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If anyone needed an argument that MotoGP’s current system of qualifying is arguably the best available, Saturday at Motegi was proof positive.

There are plenty of arguments that can be made against it: there are fairer systems imaginable, and there are simpler systems imaginable, but in the end, the element of chance the current system injects opens up opportunities for riders to seize. And it can either reward or punish those willing to gamble.

The weather at Motegi provided ample evidence of the spoils on offer, and the risks involved. A wet morning practice, a damp FP4, and a track which was starting to lose water from the surface.

As Q1 progressed, the faintest hint of a dry line started to appear. Still too wet for slicks, but perhaps the ten minutes between Q1 and Q2 would be just long enough for the dry line to consolidate itself. Would anyone be brave enough to go out on slicks?

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MotoGP Qualifying Results from Motegi

10/14/2017 @ 12:56 am, by Jensen BeelerADD COMMENTS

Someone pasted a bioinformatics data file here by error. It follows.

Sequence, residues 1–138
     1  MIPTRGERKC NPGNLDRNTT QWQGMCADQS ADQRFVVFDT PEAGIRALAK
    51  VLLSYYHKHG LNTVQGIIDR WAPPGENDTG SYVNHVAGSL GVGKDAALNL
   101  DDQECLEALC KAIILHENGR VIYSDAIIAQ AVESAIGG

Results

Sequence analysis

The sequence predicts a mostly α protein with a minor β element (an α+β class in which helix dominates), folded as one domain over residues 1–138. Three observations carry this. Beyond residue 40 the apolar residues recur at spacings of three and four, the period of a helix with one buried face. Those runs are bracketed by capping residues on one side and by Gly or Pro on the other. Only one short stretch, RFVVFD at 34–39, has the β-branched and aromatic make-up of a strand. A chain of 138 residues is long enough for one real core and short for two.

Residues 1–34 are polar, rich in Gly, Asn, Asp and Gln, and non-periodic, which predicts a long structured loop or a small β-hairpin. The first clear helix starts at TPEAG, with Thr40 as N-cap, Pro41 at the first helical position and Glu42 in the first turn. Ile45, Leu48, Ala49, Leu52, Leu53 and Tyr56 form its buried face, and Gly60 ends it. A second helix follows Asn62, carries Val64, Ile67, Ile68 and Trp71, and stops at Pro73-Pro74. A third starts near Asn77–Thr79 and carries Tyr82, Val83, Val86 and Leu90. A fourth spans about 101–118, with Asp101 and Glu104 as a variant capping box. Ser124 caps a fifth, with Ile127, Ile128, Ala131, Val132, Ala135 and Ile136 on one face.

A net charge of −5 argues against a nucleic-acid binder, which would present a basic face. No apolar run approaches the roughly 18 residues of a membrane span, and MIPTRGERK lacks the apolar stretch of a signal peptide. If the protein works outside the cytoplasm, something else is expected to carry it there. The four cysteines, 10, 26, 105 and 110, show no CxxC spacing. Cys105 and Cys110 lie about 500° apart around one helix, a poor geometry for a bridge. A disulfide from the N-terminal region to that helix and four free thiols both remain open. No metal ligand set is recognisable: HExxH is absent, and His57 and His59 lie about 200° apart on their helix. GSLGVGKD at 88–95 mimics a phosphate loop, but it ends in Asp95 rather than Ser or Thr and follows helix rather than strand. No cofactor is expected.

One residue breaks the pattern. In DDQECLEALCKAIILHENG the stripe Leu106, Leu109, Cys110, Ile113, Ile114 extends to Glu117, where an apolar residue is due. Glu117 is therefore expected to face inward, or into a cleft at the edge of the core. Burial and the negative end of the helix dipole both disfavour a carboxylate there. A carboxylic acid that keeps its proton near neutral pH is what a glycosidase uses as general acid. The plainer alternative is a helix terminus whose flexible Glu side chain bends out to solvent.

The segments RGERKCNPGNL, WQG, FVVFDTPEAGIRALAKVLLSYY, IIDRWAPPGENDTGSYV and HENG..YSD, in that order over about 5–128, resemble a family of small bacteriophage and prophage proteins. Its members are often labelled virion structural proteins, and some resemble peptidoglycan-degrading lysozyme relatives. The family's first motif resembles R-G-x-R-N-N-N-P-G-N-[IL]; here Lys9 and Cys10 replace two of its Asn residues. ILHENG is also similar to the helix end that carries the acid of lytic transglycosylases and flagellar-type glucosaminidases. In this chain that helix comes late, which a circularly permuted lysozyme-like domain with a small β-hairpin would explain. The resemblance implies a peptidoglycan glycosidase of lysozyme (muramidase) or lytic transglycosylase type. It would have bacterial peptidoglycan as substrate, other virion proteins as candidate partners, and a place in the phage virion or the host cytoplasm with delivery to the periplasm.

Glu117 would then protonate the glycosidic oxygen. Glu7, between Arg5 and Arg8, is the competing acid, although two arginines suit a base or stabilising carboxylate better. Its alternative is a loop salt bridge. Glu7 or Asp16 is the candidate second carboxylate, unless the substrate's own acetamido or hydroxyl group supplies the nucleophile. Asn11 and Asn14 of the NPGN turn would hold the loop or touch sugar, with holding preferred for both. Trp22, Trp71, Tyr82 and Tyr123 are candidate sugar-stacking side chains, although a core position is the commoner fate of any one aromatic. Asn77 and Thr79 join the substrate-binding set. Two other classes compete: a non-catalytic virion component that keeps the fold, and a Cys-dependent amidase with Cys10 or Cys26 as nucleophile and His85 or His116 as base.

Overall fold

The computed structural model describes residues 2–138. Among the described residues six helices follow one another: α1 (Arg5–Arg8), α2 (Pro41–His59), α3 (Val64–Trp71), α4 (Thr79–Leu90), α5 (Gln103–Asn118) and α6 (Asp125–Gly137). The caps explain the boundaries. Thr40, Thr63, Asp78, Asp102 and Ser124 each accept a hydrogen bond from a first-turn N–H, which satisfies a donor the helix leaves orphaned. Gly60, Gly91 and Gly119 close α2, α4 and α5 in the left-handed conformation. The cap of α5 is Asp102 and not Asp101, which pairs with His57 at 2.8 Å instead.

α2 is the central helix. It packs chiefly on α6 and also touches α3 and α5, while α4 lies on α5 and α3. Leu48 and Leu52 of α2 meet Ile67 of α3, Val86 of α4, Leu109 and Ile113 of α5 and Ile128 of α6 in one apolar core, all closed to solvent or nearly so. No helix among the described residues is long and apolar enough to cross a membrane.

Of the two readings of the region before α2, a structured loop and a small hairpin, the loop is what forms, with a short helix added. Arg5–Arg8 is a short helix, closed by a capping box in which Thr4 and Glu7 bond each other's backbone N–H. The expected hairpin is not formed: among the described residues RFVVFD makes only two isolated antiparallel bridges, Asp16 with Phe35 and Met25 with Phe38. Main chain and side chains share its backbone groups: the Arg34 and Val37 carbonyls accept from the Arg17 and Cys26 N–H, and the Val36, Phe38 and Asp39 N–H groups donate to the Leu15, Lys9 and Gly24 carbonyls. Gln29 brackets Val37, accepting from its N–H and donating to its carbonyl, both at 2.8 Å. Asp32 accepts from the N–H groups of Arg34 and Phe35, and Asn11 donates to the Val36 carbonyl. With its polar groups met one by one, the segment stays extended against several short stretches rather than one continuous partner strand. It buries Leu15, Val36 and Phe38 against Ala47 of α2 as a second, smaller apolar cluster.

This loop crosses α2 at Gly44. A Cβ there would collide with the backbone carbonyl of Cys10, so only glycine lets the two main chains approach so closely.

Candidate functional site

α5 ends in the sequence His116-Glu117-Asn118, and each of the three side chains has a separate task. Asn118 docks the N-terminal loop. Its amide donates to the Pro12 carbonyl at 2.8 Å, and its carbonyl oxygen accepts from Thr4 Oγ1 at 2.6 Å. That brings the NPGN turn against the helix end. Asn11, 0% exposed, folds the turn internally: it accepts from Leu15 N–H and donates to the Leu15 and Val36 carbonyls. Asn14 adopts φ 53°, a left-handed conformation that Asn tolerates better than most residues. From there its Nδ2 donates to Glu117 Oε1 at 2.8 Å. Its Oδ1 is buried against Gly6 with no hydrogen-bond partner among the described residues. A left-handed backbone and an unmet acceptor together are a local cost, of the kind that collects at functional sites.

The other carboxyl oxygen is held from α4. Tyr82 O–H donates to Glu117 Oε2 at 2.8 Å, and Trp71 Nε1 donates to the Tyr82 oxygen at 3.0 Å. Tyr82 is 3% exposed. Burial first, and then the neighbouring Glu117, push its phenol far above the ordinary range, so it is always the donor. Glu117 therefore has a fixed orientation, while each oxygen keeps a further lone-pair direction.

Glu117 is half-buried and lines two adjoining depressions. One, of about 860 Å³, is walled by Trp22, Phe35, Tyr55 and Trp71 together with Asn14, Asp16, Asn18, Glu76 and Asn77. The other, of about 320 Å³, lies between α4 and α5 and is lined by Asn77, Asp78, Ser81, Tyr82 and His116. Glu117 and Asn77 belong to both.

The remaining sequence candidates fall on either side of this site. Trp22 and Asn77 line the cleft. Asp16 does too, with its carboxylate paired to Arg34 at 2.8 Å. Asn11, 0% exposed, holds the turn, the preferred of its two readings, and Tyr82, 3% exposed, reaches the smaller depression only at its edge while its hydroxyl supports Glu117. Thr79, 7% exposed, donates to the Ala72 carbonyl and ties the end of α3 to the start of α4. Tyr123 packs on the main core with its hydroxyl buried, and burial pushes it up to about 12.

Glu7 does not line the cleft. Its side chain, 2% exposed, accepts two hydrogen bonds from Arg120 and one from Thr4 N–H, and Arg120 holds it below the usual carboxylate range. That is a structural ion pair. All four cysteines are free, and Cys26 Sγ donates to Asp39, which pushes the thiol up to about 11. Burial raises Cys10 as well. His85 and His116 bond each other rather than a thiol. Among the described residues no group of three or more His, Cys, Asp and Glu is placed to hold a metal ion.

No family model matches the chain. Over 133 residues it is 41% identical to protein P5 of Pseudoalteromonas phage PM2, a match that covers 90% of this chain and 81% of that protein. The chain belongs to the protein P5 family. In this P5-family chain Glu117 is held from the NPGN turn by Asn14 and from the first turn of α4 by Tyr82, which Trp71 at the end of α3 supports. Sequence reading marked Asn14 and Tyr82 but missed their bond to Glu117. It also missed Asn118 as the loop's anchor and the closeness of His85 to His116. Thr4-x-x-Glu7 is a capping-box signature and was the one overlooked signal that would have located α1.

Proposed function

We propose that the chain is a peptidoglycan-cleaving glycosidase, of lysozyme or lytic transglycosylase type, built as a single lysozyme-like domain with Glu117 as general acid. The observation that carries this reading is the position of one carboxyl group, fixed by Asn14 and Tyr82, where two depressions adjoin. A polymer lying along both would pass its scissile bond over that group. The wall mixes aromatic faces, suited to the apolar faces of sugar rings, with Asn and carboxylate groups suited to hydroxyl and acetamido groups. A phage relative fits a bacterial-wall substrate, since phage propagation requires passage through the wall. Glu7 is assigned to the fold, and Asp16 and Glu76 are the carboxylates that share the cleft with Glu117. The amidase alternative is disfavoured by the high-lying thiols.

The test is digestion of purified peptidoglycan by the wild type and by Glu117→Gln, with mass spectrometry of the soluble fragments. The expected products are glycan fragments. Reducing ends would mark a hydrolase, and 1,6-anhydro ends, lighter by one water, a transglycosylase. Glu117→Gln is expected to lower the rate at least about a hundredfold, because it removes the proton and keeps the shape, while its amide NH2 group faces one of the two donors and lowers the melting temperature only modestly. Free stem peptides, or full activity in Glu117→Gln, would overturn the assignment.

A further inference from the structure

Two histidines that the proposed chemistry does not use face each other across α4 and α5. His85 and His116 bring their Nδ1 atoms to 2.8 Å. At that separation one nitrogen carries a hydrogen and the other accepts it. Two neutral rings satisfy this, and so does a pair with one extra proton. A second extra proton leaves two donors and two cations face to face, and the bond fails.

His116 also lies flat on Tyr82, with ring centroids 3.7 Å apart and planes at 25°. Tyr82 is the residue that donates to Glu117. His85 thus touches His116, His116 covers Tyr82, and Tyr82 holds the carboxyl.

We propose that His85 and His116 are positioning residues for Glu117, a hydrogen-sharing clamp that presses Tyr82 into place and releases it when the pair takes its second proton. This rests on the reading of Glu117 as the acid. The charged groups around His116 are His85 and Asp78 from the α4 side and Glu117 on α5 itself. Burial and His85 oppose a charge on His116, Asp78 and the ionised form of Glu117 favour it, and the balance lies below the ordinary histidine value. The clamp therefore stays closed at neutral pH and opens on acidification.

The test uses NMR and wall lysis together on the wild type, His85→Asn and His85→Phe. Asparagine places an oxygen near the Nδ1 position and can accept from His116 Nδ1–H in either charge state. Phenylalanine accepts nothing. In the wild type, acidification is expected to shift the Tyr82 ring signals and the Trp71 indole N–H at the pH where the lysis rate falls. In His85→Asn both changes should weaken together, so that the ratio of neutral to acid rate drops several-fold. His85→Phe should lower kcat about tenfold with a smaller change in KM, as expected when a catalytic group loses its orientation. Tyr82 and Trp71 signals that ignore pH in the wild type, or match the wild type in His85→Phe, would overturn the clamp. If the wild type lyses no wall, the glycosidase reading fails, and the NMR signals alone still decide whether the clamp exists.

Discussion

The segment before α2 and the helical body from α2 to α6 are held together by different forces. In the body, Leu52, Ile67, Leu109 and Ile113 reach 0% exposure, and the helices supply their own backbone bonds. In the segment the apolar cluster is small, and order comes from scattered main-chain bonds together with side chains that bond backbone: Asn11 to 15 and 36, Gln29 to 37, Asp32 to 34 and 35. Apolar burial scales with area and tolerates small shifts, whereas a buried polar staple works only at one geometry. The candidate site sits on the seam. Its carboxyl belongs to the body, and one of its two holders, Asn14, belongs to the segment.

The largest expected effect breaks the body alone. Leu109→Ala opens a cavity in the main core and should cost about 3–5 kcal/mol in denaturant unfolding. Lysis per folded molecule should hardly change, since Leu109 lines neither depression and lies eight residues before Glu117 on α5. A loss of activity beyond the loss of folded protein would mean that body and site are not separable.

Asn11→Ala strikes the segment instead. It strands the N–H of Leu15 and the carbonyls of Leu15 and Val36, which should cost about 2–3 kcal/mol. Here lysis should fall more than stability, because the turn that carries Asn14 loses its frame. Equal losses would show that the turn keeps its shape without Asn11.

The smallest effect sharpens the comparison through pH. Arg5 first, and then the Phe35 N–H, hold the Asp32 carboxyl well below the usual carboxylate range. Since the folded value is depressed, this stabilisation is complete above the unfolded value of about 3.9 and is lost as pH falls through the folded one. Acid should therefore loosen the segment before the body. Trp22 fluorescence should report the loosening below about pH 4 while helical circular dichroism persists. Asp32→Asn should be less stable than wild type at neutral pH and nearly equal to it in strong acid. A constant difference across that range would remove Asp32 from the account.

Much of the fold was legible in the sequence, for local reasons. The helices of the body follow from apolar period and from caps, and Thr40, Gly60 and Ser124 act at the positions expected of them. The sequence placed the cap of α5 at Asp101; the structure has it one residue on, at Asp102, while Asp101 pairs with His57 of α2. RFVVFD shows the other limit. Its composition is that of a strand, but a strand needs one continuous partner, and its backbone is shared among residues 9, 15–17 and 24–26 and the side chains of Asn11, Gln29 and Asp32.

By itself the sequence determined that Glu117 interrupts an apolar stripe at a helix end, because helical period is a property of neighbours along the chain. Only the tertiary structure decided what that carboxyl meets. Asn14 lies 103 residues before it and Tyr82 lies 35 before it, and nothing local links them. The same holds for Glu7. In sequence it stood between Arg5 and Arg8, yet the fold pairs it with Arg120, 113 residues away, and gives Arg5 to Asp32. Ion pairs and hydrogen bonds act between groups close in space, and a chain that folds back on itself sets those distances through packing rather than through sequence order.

The rain in Japan is separating the sheep from the goats. There are bikes that work well in the rain, and they are up at the front, and there are bikes that don’t, and they are struggling. Including, well, the GOAT, to extend a metaphor.

The 2017 Yamaha M1 simply does not work well in the wet. “Sincerely we tried to do a lot of things with the bike but we are in trouble,” Valentino Rossi said after finishing the day in twelfth, over a second and a half slower than the fastest man Andrea Dovizioso.

“We don’t understand why. Because last year I was very competitive in the wet. I had a good feeling with the old bike. But this year we are struggling. Something strange.”

The problem is mainly wheelspin and rear traction. “We’ve been struggling all the time with rear grip,” Maverick Viñales said, agreeing with his Movistar Yamaha teammate.

“We change a lot the bike during all the practices but finally the same problem remains. It’s been very difficult for us during all of this year trying to be fast and competitive.”